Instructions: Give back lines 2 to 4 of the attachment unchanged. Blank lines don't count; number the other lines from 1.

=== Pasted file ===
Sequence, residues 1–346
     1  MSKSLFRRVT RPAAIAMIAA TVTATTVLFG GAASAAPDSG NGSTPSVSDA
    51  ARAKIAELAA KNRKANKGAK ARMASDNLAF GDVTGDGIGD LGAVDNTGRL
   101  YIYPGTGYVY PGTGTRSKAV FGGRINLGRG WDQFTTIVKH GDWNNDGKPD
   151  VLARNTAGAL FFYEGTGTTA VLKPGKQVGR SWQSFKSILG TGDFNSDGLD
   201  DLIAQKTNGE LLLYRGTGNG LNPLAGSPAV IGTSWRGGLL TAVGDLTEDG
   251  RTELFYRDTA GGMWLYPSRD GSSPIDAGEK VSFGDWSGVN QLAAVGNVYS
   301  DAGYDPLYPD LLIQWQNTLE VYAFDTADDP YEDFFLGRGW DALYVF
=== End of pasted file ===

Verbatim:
     1  MSKSLFRRVT RPAAIAMIAA TVTATTVLFG GAASAAPDSG NGSTPSVSDA
    51  ARAKIAELAA KNRKANKGAK ARMASDNLAF GDVTGDGIGD LGAVDNTGRL
   101  YIYPGTGYVY PGTGTRSKAV FGGRINLGRG WDQFTTIVKH GDWNNDGKPD